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The Honolulu Advertiser
Posted on: Saturday, November 14, 2009

Hawaiian Telcom's $460M reorganization gets OK

By Rick Daysog
Advertiser Staff Writer

Hawaii news photo - The Honolulu Advertiser

Hawaiian Telcom's reorganiza­tion plan was selected over that of Sandwich Isles Commu­nications Inc.

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Hawaiian Telcom Inc. took a major step toward exiting bankruptcy after a federal judge approved the company's $460 million reorganization plan.

U.S. Bankruptcy Judge Lloyd King yesterday confirmed the management-led turnaround, which slashes more than $800 million of the company's debt.

King picked the stand-alone plan ahead of a competing, $400 million offer by rural telecommunications provider Sandwich Isles Communications Inc.

"I'm satisfied the plan is fair and is equitable and there is no unfair discrimination," King said. "It is essential to move things on."

The reorganization requires the approval of the state Public Utilities Commission.

Eric Yeaman, Hawaiian Telcom's president and CEO, said the plan's confirmation will make Hawaiian Telcom more flexible and better able to compete in the fast-changing telecommunications industry.

"We are extremely pleased with the court's decision and look forward to working through the regulatory process so our confirmed plan can become effective and the company can emerge from bankruptcy a stronger and more financially secure company," he said.

Founded in 1883, Hawaiian Telcom is the state's largest and oldest telecommunications company.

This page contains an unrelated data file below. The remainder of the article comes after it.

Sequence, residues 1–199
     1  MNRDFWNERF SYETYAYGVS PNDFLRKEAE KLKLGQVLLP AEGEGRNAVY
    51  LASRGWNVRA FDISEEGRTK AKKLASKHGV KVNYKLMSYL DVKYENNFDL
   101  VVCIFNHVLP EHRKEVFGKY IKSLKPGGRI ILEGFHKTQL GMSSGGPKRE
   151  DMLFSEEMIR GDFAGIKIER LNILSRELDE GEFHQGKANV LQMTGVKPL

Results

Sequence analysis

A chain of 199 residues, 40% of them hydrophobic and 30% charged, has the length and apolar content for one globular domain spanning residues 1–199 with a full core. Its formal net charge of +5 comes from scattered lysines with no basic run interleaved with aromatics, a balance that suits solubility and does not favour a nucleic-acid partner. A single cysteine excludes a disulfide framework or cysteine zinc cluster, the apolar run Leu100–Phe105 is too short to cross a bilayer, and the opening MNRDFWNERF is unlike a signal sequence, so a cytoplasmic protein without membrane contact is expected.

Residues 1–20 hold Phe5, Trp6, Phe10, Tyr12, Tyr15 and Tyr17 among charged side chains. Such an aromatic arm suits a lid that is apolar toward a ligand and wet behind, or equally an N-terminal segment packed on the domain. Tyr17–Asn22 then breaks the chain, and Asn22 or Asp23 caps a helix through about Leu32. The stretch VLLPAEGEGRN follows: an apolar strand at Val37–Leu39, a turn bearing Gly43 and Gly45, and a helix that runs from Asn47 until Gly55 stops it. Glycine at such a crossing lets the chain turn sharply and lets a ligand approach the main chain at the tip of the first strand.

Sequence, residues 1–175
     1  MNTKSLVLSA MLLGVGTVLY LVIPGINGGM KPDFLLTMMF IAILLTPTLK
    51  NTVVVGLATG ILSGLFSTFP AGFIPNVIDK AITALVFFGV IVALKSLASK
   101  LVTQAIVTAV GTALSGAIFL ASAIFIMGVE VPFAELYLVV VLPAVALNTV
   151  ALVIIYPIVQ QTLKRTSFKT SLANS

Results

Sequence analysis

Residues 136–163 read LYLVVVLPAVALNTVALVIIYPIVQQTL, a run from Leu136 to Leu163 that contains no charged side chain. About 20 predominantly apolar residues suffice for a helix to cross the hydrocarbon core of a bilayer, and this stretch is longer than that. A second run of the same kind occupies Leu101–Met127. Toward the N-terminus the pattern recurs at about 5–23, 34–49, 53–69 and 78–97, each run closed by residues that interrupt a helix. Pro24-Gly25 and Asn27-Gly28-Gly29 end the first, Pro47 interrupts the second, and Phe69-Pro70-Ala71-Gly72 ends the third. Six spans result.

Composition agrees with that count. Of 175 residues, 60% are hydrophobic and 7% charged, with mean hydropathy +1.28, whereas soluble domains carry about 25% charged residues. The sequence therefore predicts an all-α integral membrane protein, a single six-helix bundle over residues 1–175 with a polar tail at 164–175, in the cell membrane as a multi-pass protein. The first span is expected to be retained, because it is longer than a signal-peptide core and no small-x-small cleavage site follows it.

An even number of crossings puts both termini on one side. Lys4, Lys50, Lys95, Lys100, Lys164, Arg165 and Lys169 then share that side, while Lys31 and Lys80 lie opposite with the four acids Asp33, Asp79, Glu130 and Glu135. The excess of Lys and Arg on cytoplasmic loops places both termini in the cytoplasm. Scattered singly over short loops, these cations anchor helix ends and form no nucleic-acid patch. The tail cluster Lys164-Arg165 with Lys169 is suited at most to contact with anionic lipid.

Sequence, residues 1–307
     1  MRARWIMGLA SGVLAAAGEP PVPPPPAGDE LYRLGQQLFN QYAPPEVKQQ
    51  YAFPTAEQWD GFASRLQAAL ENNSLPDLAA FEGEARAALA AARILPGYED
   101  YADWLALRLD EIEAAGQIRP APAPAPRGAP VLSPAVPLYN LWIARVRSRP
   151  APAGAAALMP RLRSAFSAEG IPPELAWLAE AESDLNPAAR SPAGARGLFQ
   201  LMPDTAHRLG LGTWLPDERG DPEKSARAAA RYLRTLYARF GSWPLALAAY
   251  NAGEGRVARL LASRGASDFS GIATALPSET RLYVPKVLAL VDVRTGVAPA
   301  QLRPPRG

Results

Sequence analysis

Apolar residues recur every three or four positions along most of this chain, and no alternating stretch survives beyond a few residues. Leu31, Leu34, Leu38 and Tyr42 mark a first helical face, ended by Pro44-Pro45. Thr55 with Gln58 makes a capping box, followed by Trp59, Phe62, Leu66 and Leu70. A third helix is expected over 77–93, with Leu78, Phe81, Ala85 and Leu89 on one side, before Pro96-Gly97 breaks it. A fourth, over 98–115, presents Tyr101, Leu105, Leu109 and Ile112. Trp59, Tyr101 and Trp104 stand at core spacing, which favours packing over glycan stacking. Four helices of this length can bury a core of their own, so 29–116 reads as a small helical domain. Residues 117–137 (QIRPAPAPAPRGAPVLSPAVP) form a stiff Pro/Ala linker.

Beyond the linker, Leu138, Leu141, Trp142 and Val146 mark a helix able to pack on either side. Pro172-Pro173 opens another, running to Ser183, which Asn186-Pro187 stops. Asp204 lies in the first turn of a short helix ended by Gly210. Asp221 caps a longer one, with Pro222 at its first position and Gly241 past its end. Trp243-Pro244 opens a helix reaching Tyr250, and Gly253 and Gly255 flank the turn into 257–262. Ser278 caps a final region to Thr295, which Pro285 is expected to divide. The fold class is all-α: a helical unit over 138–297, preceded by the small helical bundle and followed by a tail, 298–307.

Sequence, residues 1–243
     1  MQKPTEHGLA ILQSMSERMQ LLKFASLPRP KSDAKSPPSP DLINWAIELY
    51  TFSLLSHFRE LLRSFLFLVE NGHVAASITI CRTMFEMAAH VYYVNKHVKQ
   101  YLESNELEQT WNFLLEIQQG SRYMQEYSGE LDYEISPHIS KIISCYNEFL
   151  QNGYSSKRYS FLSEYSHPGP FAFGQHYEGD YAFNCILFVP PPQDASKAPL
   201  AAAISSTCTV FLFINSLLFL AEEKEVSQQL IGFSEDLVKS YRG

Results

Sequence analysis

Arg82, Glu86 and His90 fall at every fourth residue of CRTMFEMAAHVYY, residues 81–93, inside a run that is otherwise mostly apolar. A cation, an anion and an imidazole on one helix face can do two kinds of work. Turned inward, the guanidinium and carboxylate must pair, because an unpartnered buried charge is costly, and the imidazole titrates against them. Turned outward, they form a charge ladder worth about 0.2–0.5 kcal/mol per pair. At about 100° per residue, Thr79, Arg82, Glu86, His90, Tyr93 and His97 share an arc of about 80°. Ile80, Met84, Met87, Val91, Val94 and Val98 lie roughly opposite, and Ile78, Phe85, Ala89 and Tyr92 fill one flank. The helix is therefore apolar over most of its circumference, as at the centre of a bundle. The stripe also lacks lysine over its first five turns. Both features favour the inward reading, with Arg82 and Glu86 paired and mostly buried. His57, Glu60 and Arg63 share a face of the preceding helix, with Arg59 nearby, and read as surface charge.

The company filed for Chapter 11 bankruptcy on Dec. 1 due to its heavy debt load and the loss of thousands of customers to wireless and other services.

Under the reorganization plan, Hawaiian Telcom will convert more than $500 million of bank debt into $160 million in new stock.

The company's biggest shareholder, Washington, D.C.-based Carlyle Group, which purchased Hawaiian Telcom in 2005 for $1.6 billion, will see its holdings all but wiped out.

The plan calls for no changes to employees' collective bargaining agreement and their pensions.

"We've always supported the plan," said Scot Long, business manager for the 1,200-member International Brotherhood of Electrical Workers Local 1357.

"The longer we are in Chapter 11, no one benefits."

During yesterday's hearing, King said he was concerned about the costs of the bankruptcy proceedings.

Through September, the company has spent more than $22 million in reorganization costs, which include fees for attorneys, investment bankers and other consultants.

Hawaiian Telcom officials also have said that the company has lost revenues and customers since seeking bankruptcy protection nearly a year ago.

King's ruling capped a four-day trial over a legal dispute between the company and its bondholders.

Under the reorganization plan, the bondholders, who invested about $500 million in the 2005 deal, will get about $10.6 million and the rights to acquire warrants in the new company.

Bondholders said the plan understates the company's value by more than $200 million and that they are entitled to nearly $140 million.

But in approving the reorganization plan, King said he was unswayed by the bondholders' claims.

"Nothing comes close to the valuations suggested," he said.